On the same module is the fixed gobo wheel, which features 16 patterns plus open, with four of these being beam reducers for getting razor-sharp points of light. These are all stamped into a single wheel and can shake.

The patterns on this wheel will all probably look their best when paired with either of the light’s two prisms, which we’ll discuss below. After the gobo and color module are the moving lens elements, two prisms, and the variable frost filter. The frost nicely smooths out the field, turning the output into a nice wash effect for times when you need a soft edge. Prisms consist of a 24-facet circular prism and a linear prism, and these can be overlaid in the output at the same time. The linear prism exhibits a certain amount of center-to-edge falloff, but this is normal for prisms of this type. The 24-facet prism is a real standout: it creates very attractive tunnels of light and is capable of some spectacular effects. Both prisms provide good image separation and can be both indexed or rotated.

There is a motorized focus for sharpening or softening the gobos. One thing to note is, due to the position of both prisms in the optical train, inserting any of these three effects will cause the moving focus elements to move out of the way to make space for them. This overrides the focus function and restricts a small part of the range, something to be aware of in programming. Pan and tilt speed are good, taking 1.2 seconds for a full 270° tilt movement, and 2.1 seconds for a full 540° pan movement, which should be snappy enough to satisfy most users. I noticed no judder or stepping, even on slow moves.

This unit is somewhat friendly in terms of serviceability. The only module that can be removed is the gobo and color module, which involves removing several non-captive screws and is not a process I would attempt while a fixture is in the rig. Fixture functions can be set from the front display, which is a simple LCD panel with four buttons for addressing the light and setting personality functions, and the fixture also has an integrated USB port for software updates.

From a warm start, the unit takes 29 seconds from home to final output, and when reset, waits to output light before reaching its final pan and tilt position. DMX in is via both three and five-pin XLR inputs and pass-thrus, and the fixture supports RDM as well. The unit is 22.25 inches tall with a base that is 10” by 13.8” and weighs in at 42.8 lbs. Rigging is via the extremely familiar Omega-style brackets that attach to the bottom of the fixture with a simple quarter-turn, and power is via Seetronic TRUE1 PowerCON-style inputs and pass-thrus, and the unit auto-ranges from 100V~240V, and draws 384W at 120V, easily able to run off a household circuit.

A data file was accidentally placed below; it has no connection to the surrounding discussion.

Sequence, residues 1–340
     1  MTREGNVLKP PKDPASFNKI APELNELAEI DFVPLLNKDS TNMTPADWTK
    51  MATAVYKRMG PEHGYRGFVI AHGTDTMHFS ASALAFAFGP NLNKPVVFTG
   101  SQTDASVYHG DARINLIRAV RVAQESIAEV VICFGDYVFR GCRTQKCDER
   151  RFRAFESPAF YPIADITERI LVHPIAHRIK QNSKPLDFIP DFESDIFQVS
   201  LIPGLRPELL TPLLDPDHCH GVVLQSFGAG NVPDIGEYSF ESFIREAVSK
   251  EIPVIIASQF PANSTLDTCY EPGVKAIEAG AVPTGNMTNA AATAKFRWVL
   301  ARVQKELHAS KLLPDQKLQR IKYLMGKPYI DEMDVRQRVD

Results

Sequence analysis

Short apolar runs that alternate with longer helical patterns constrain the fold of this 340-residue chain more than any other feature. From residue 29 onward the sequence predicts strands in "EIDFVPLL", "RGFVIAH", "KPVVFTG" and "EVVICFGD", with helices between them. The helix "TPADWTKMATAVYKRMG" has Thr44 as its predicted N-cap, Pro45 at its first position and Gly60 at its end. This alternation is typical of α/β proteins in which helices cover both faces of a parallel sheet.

Dimming curves

At a Glance:

A Multi-Functional Contender

The Vizi Hybrid 12RX enters a busy sector of the marketplace, competing against multiple other units that offer multiple functions in a single unit. It’s not “just” a beam fixture — with the inclusion of the two prisms which can be overlaid and the included frost, it can serve up a variety of looks. Whether it finds use in a club or DJ or touring rig, it should be at home anywhere a light that needs to fulfill these roles is needed.

Vizi Beam 12RX

PROS: Compact and light, outstanding prisms

CONS: I wish the color wheel was more smoothly indexable

FEATURES

  • Long-life lamp from Philips (6,000 hours)
  • Motorized Focus
  • 2 DMX modes (14 or 16 channels)
  • RDM control option
  • 3-pin and 5-pin DMX in/out connections
  • IP65 power locking in/out daisy chaining connections
  • Color display with 4-button internal menu system
  • USB service port for firmware updates

STATS

  • Lamp Source: 260W Philips Platinum 12R
  • Native Color Temp: 7800° K
  • Max Power Consumption: 384W
  • Gobos: 16 + open on stamped wheel
  • Frost Filter: Slightly variable
  • Color System: 14 colors + white on a wheel
  • Prisms: 6-facet linear and 24-facet circular. Both rotatable
  • Beam Angle: 2°
  • Size: 22.25” x 13.5” by 13.8” (HxWxD)
  • Weight: 39.7 lbs.
  • MSRP: $1,399.99

Manufacturer: ADJ

More Info: www.adj.com